Friends of "John Nelson Park" at Strawberry Cannery Cove shared a day of warmth and song Saturday, Sept. 11, in the scenic cove at the Head-of-Eagle Harbor, Bainbridge Is., WA. It was the eve of the scheduled demolition of the historic cove by the City of Bainbridge Island.
One can now find on the City site a text entitled Strawberry Plant Project A Clarification but this is essentially a propaganda piece that does not clarify anything and continues to deny the very real problems facing a project opposed by a large part of the public.
This text makes it look like the Park District is 100% behind this plan but from what I have read it is not. So what happens to the City plan if the Park District does not agree with it? As you can read below there are many items that depend on the Park District.
Although I asked several times the City to tell how much had been spent on this project and how much will be spent in the future I have never received an answer. This is one more sad and frustrating chapter in this story.
From Gerald who keeps the faith and invites us to stand up again for a real park not the shadow of one.
Wednesday night, Aug. 25 at 7:05 PM is a VERY important opportunity at City Council chambers to share your thoughts about the City's plan to excavate and destroy the shore side meadows, cove and parking at Strawberry Cannery Cove Waterfront Park. Please speak now. Your voice matters.
Roger van Gelder is a Winslow resident, civil engineer, professional environmental consultant and 12 year member of the Bainbridge Is. Road End Committee. He shares his thoughts on Cannery Cove.
Gerald also informs us that the "Strawberry (Cannery) Park Restoration Project" is -again- on the Bainbridge Island City Council agenda for a 20 minute discussion next Wednesday, July 21 at 7 PM. Attend and show your representatives you are very concerned about their decisions.
Friends of Cannery Cove is now on line with a nice set of pictures and all the information you need to keep advocating for a real public park at Cannery Cove, that would respect the wishes of John Nelson thanks to whom this property was given to the community.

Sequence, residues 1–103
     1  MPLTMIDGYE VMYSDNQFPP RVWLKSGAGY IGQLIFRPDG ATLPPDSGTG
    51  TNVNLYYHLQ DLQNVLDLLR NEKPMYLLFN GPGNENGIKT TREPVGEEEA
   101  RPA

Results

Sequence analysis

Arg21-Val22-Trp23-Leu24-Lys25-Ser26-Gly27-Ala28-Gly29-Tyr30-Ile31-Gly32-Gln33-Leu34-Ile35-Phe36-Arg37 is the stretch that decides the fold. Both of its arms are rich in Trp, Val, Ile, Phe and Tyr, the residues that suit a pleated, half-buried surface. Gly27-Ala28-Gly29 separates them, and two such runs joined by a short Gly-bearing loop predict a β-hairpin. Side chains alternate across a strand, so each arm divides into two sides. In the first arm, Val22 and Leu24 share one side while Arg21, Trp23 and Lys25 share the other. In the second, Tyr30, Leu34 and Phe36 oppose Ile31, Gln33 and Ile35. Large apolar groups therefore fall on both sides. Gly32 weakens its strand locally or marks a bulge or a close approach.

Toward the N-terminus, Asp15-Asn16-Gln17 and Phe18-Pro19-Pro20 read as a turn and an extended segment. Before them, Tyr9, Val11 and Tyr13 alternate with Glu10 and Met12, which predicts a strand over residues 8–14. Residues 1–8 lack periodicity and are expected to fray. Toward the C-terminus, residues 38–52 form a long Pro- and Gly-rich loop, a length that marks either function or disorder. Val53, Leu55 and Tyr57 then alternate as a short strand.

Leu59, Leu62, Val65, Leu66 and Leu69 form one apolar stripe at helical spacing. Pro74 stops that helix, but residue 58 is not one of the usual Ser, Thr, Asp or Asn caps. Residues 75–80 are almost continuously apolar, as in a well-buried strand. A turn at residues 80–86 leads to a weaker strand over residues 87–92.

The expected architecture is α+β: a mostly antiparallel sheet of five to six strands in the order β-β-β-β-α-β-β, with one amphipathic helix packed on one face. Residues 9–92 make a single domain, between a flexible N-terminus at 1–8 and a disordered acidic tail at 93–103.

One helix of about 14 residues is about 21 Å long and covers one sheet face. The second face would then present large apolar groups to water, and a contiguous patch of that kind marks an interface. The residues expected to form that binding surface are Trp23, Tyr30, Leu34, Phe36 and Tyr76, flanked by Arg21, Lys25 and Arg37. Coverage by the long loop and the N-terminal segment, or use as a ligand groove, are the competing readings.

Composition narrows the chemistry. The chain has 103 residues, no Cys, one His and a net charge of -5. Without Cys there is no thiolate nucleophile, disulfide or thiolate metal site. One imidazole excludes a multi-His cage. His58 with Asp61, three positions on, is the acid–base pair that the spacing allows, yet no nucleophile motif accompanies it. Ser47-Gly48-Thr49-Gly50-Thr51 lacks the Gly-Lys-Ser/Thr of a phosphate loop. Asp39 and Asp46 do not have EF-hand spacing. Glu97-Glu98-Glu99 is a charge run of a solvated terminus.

For four years, citizens of Bainbridge Island have been told that the shoreline containing Strawberry Cannery Cove was "the 186th worst of 201 reaches." Turns out, City of Bainbridge Island staff and grant providers planning a park there, were describing the wrong shoreline. Read the press release that details one more mistake in the way the John Nelson Park was managed.
I asked Dee what she thought about the Strawberry Park/Cannery Cove debate. Below is her answer. (The picture is by Judie Elfendahl -thanks Judie- and came from a different email). What are the other candidates and elected officials thinking?
My first concern about the Cannery Cove issue is
how one city employee, with no apparent public input and no apparent
permission from the council to seek a grant, could spend 2 years working on a
proposal, secure a grant, and THEN present it to the public as a fait accompli.
Apparently, the grant money is once again being used as a weapon against the
public...'how dare we turn this down, it's being paid for by someone
Statement before the City of Bainbridge Island Hearing Examiner, June
25, 2009, concerning the City's proposed Strawberry Cannery Park
My name is Conrad Mahnken. I am a 40 year resident of Bainbridge
Island. I am a retired NOAA fisheries biologist. At my retirement, I
was director of the NOAA Manchester (Fisheries) Laboratory and the NOAA
National Aquaculture Matrix manager at the time. I presently serve as
a Commissioner on the State Fish & Wildlife Commission.